Stories of a sacred vessel dear to the Celts became entwined with the story of Christ's Last Supper and the Christian Holy Grail which inspired quests and crusades across England, Europe and the Far East.
The Glastonbury and Somerset legends involve the boy Jesus together with his Great-Uncle, Joseph of Arimathea building Glastonbury's first wattle and daub church. These legends gave rise to the continuing cult of the Virgin on the site of the present Lady Chapel and inspired the title 'Our Lady St. Mary of Glastonbury', which is still used today.
After the crucifixion of Jesus lore has it that Joseph of Arimathea (who according to the Bible donated his own tomb for Christ's interment after the Crucifixion) came to Britain, bearing the Holy Grail - the cup used by Christ at the Last Supper and later by Joseph to catch his blood at the crucifixion.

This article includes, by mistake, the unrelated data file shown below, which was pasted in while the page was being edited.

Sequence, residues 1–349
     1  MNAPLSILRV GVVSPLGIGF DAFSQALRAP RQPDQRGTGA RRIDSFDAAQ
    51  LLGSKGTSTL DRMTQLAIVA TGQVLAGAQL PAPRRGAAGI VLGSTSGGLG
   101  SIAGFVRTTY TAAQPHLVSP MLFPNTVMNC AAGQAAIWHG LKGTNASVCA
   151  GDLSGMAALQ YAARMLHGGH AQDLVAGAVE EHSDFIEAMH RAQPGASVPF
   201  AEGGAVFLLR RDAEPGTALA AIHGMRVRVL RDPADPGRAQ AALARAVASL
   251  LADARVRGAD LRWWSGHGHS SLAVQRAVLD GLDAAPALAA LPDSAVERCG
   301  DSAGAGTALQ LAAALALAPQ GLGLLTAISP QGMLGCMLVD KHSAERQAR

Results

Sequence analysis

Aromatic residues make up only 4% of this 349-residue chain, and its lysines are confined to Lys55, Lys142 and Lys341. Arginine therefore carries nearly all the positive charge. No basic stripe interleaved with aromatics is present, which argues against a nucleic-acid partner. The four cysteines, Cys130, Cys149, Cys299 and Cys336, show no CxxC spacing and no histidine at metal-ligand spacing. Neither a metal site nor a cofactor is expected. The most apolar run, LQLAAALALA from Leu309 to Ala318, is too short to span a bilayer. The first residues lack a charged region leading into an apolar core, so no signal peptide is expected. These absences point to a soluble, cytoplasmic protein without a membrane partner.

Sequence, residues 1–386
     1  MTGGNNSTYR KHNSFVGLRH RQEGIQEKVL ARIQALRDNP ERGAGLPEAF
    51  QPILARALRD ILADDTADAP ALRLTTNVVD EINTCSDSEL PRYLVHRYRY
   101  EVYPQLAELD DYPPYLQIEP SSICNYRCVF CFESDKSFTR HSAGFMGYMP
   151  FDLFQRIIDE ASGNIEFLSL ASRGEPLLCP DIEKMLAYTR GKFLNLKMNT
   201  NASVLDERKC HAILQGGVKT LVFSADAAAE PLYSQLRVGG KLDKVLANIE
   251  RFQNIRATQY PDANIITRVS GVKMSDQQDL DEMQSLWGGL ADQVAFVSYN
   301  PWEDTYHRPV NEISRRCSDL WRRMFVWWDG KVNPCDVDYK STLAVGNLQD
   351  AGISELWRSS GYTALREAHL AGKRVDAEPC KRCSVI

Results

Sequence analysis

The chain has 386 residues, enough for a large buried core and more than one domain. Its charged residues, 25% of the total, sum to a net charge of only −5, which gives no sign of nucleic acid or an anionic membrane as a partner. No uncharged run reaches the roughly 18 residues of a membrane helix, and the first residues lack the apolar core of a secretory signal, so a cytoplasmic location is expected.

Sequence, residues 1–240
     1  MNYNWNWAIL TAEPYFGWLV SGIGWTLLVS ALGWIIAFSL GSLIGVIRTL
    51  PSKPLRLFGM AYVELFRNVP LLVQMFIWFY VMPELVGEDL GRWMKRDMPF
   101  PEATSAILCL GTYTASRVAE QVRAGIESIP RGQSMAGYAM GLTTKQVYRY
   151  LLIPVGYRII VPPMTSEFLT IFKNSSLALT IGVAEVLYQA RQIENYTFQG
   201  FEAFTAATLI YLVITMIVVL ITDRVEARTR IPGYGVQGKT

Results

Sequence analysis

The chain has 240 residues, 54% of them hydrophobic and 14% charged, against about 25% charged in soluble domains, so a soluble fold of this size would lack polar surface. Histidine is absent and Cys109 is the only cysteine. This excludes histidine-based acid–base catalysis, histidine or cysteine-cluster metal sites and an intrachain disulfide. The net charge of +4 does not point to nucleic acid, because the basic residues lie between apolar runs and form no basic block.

When Joseph landed on the island of Avalon, he set foot on Wearyall Hill - just below the Tor. Exhausted, he thrust his staff into the ground, and rested. By morning, his staff had taken root - leaving a strange oriental thorn bush - the sacred Glastonbury Thorn.
For safe keeping, Joseph is said to have buried the Holy Grail just below the Tor at the entrance to the Underworld. Shortly after he had done this, a spring, now known as Chalice Well, flowed forth and the water that emerged brought eternal youth to whosoever would drink it.
Intertwining the myths and legends of Glastonbury Abbey's history, it is widely believed that finding The Holy Grail Joseph is said to have hidden was years later the purpose behind the quests of King Arthur and the Knights of the Round Table.